With society growing relentlessly more transparent—public blogs long since replacing private diaries, kids aspiring to be reality TV spectacles, and the surveillance state watching all—I cannot be the only one wondering… well, wondering if all the quiet ones are wondering what I’m wondering. Can society ever be reclaimed by a conspiracy of the calm, sane, reflective, and humane? Maybe at some near-future point after all these louts shut up?
As a rational person and utilitarian who wants to maximize everyone’s happiness, I am more conscious than most, I think, of the fact that society has monsters among its members. You can’t move in politics and media circles—in New York City, no less—without gradually, reluctantly realizing that sociopaths (or at least low-empathy psychotics of various stripes, so we don’t get bogged down in precise psych definitions) are a prevalent fact of life, from business hierarchies to deceptively happy-talking self-help clubs. Many almost-normal people are still outright sadists to boot.
This is disconcerting if you’re one of those relatively warm, well-meaning types who grew up assuming that most people are good and that the evil ones will give off lots of warning signs, such as bellowing menacingly at people or carrying duffel bags filled with human heads with them on their visits to desolate bars just off the highway out in the Southwest.
But here’s a roundabout bit of optimism: the empathic people will always, by definition, have empathy by which to connect to and communicate with each other. That’s what empathy is for, after all! Admittedly, the psychos rise to positions of leadership in nearly all hierarchies as things now stand—government, corporations, social circles, etc.—but they’re always on some deep level loners. They don’t feel when we feel. They can learn when it’s strategically valuable to weep or laugh, but they’re never going to feel it like the empaths among us. The empaths also naturally sense when making a small temporary sacrifice is a decent thing to do—and one that will likely pay off in the long run—without even stopping to “do the math.”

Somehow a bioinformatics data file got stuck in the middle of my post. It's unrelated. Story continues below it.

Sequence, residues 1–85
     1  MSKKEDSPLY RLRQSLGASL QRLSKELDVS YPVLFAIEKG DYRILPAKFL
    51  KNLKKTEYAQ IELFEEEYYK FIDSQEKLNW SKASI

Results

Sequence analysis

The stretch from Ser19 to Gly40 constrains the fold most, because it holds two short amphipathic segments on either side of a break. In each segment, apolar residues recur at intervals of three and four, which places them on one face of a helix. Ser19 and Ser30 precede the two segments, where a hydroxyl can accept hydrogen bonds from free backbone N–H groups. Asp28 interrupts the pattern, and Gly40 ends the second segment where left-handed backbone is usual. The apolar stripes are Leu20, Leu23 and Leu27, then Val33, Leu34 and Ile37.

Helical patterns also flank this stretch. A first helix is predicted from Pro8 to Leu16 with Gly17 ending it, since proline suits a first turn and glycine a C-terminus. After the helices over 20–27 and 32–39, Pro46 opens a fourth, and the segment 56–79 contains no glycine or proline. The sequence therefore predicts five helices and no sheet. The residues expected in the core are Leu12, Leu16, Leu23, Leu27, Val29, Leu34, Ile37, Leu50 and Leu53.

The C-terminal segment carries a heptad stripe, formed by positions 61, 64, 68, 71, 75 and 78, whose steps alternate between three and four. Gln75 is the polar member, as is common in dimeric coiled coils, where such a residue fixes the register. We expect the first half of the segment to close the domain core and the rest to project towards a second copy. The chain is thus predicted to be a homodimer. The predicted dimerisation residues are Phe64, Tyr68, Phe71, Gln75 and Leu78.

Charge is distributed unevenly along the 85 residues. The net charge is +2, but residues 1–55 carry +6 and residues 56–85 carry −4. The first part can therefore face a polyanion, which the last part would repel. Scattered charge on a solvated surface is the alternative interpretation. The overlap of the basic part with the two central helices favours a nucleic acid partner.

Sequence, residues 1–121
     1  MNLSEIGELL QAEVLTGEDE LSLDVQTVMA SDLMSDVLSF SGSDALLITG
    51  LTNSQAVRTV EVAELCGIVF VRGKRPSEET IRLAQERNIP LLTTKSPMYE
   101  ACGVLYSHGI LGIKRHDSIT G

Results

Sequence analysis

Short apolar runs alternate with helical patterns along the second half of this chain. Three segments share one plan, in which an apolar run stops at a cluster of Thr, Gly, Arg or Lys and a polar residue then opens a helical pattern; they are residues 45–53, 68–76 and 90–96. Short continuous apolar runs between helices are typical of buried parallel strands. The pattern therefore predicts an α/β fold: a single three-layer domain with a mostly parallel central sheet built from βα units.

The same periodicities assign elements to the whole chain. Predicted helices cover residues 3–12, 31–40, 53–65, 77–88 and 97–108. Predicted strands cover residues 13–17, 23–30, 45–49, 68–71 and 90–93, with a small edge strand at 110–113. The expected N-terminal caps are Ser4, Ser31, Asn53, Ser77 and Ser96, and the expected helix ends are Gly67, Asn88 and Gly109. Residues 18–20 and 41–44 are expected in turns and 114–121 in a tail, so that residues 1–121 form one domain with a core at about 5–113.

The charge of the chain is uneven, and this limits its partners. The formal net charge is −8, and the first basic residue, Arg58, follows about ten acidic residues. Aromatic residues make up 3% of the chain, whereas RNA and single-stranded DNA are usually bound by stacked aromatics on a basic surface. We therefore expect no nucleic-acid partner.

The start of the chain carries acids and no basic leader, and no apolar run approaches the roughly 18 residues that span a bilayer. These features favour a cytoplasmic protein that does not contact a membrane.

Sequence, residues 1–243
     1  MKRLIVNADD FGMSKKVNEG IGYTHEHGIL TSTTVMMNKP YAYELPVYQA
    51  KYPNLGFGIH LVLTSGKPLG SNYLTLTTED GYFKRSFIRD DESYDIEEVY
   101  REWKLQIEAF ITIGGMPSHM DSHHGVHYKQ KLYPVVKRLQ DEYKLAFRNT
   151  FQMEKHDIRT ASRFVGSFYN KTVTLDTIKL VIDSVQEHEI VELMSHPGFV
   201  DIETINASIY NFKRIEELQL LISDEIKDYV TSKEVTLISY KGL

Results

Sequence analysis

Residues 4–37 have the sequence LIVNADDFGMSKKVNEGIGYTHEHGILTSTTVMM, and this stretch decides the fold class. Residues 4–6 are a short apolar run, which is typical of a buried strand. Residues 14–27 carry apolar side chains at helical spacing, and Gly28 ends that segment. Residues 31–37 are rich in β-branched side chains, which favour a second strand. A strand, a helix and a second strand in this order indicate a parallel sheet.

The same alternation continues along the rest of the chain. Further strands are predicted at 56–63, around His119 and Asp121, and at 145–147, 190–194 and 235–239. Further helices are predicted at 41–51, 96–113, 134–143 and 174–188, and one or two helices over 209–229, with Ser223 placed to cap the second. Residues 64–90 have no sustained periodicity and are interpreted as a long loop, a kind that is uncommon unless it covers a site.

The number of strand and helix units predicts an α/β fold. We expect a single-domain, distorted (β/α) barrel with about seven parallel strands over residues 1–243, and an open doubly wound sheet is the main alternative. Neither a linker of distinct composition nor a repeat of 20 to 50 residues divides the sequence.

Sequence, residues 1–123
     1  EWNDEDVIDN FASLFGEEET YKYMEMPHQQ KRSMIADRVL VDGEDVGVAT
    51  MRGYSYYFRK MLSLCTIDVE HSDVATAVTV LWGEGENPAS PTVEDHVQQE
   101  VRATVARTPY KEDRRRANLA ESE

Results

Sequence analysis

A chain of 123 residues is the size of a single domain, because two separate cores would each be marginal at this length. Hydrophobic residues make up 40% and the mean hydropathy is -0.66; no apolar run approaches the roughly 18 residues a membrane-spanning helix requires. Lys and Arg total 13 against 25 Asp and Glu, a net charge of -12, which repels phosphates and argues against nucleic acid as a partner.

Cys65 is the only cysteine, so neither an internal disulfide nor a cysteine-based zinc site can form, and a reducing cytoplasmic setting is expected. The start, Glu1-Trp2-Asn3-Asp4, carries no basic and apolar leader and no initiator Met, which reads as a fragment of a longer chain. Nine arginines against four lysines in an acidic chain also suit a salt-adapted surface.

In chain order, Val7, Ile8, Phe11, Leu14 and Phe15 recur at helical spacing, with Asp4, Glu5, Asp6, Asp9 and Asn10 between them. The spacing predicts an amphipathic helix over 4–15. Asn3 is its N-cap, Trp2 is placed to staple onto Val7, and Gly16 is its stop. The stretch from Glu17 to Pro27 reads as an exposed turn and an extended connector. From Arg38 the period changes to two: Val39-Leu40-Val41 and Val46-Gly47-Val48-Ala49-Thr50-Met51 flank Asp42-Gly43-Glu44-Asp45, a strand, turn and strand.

If mean-spirited subcultures can thrive online and signal to each other all day long about their willingness to form piranha-schools against the target of the day, surely empaths could start exploiting a tactical advantage in their ability to be nice to each other—an ability that lends itself naturally to rapidly growing networks, without the sociopaths’ instinctive need for fear-inducing leaders, almost without need for “leaders” of any kind. Of course, the sociopaths will respond at first by outwardly appearing to play the same game (just as they surely know how to talk like Christians, charity-organizers, hippies, you name it). But there will never really be a happy ending for their kind, and certainly not for those around them. Happiness isn’t ultimately their forte.
We’ve heard from vast armies of jerks over the past several years. Maybe it’s time to start politely fighting back. You feel me? Despite all appearances, I suspect we may be able to beat the monsters yet.
—Todd Seavey is the author of Libertarianism for Beginners.